Watch Of The Week: Severance

The best kind of science fiction sometimes feels set about 10 minutes in the future, and so it is with Severance, an extremely creepy, slow-moving, but instantly engrossing series. Produced by Ben Stiller, the project features a stellar cast in a show about memory that proves appropriately hard to forget.

The title refers to a procedure practised by corporate giant Lumon Industries in which employees sever their memories of what transpires at work from what happens outside, and vice versa, theoretically bringing new meaning to the phrase “worklife balance.”

Yet when a member of the team suddenly leaves and a newcomer arrives, it upsets the chemistry within the office, triggering thoughts about what really might be motivating the practice – and what the company might actually be doing that its robotic, happy-talking top brass appear eager to avoid. Answers don’t come quickly, but the scenario becomes utterly fascinating, with Adam Scott as Mark Scout, the low-key new leader of the team, and Britt Lower as Helly, the new arrival who asks way too many questions.

 

All told, it’s enough to make even those pining for the office appreciate Zoom calls. As for the cast, as mentioned earlier, Lumon’s personnel roster includes John Turturro, Christopher Walken and Patricia Arquette. For Mark, the severed memories have served a particular purpose, allowing him to create distance between work and the pain he was experiencing after the loss of his wife.

Scott turns out to be the perfect Everyman, but the cast is uniformly good. Why the others would agree to this Faustian bargain is only one of the breadcrumbs that Severance takes its time sprinkling in a series that leaves plenty of runway for more at the end of its nine episodes.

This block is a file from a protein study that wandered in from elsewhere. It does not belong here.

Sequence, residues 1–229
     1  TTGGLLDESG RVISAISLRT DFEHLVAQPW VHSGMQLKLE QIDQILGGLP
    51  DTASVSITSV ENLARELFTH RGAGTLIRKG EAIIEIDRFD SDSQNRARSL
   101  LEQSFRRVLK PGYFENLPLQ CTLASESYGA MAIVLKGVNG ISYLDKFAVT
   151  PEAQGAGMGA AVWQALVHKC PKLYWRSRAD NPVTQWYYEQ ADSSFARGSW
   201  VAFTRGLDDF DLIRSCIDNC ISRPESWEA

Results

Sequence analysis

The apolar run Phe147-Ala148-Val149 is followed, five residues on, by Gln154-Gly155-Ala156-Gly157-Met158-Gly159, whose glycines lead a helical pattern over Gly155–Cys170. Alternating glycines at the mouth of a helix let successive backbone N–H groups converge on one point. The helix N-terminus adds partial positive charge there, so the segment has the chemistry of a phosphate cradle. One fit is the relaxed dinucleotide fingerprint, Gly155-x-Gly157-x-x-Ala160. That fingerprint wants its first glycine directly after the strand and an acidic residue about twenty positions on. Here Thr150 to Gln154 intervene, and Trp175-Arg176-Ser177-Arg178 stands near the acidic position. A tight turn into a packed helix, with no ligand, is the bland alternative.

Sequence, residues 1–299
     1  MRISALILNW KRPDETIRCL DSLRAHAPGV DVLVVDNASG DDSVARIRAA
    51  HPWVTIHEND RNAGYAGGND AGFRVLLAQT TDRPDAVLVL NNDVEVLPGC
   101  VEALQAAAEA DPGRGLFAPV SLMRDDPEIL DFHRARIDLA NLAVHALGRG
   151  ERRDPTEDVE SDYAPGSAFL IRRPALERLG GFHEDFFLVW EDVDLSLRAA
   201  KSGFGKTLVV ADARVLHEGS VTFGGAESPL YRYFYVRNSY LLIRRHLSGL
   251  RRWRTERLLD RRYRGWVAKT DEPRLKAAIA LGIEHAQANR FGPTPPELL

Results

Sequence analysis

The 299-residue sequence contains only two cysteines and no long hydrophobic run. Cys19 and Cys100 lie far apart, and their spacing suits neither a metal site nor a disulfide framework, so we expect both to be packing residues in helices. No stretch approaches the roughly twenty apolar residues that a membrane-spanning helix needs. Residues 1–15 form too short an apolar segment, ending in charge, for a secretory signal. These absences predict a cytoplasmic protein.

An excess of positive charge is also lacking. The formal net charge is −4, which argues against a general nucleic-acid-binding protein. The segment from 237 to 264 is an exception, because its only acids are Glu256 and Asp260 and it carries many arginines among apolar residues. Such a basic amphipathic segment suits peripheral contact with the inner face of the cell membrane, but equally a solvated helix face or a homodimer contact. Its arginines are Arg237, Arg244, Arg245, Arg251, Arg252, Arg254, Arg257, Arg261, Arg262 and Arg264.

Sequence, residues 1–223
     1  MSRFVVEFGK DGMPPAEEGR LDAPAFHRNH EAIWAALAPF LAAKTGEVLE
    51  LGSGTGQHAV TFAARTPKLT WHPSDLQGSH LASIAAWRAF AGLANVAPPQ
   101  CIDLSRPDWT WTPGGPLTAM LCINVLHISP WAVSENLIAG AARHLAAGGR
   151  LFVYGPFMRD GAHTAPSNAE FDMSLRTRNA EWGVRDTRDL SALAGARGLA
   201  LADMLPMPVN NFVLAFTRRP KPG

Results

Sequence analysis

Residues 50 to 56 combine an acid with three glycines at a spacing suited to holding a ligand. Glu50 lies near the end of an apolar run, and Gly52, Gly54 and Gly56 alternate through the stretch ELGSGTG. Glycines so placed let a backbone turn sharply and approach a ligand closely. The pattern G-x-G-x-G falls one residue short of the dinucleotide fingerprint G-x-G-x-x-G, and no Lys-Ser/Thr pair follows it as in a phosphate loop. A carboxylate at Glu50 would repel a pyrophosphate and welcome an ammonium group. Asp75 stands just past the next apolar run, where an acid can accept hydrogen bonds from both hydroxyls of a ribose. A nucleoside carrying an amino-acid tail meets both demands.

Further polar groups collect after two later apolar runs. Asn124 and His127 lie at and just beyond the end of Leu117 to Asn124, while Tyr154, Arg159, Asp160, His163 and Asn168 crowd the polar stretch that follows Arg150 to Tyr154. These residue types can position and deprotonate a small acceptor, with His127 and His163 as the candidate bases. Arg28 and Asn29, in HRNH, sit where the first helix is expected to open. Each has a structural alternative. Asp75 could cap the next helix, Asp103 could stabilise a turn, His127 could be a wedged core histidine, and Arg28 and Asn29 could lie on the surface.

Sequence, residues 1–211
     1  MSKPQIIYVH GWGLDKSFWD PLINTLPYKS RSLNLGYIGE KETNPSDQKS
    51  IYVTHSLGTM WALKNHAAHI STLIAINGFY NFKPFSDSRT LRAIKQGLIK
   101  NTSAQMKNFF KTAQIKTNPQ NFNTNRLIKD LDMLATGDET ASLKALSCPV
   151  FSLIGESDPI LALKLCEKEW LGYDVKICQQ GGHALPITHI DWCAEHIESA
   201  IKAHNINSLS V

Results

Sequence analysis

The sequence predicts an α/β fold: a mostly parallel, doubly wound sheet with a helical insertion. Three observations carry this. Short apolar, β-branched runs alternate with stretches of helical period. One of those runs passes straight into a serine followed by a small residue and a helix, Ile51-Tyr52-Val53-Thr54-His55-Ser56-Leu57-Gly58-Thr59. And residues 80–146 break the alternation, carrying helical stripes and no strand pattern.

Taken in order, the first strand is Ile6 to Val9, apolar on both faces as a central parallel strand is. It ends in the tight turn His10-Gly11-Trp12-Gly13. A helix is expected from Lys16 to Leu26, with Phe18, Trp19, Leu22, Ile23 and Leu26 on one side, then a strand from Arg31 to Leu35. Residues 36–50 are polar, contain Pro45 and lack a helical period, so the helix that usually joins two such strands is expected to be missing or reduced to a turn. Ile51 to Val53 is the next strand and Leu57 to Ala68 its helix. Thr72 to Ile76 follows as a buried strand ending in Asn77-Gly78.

Created by Dan Erickson, there’s a certain quality to some of the quirkier aspects of the series, such as Arquette’s monotone-voiced boss informing Mark that “A handshake is available upon request,” the walks down impossibly long hallways or the odd obsession with melon balls at the awkward company celebrations. 

“Severance” won’t be for everyone, but those drawn into its antiseptic, maze-like workspace won’t be able to get enough of its provocative implications about messing around with the brain and memories, a la the movie Eternal Sunshine of the Spotless Mind. Light escapism it isn’t. But until the show’s fictional technology becomes a reality, a series like Severance is just the sort of cerebral concept to help take one’s mind off the daily grind of working 9 to 5.

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Boluwatife Adesina is a media writer and the helmer of the Downtown Review page. He’s probably in a cinema near you.

Bolu

About Author / Boluwatife Adesina

Boluwatife Adesina is a media writer and the helmer of the Downtown Review page. He’s probably in a cinema near you.

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